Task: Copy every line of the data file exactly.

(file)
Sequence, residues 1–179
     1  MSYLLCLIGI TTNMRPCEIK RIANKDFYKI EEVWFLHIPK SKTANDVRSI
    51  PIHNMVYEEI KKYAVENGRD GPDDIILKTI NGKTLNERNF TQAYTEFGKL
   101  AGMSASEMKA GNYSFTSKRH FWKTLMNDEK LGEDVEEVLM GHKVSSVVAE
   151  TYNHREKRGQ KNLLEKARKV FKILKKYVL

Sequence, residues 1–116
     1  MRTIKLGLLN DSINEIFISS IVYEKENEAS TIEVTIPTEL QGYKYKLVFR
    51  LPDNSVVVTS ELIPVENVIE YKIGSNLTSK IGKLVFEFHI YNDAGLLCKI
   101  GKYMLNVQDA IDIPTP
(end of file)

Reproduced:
Sequence, residues 1–179
     1  MSYLLCLIGI TTNMRPCEIK RIANKDFYKI EEVWFLHIPK SKTANDVRSI
    51  PIHNMVYEEI KKYAVENGRD GPDDIILKTI NGKTLNERNF TQAYTEFGKL
   101  AGMSASEMKA GNYSFTSKRH FWKTLMNDEK LGEDVEEVLM GHKVSSVVAE
   151  TYNHREKRGQ KNLLEKARKV FKILKKYVL

Sequence, residues 1–116
     1  MRTIKLGLLN DSINEIFISS IVYEKENEAS TIEVTIPTEL QGYKYKLVFR
    51  LPDNSVVVTS ELIPVENVIE YKIGSNLTSK IGKLVFEFHI YNDAGLLCKI
   101  GKYMLNVQDA IDIPTP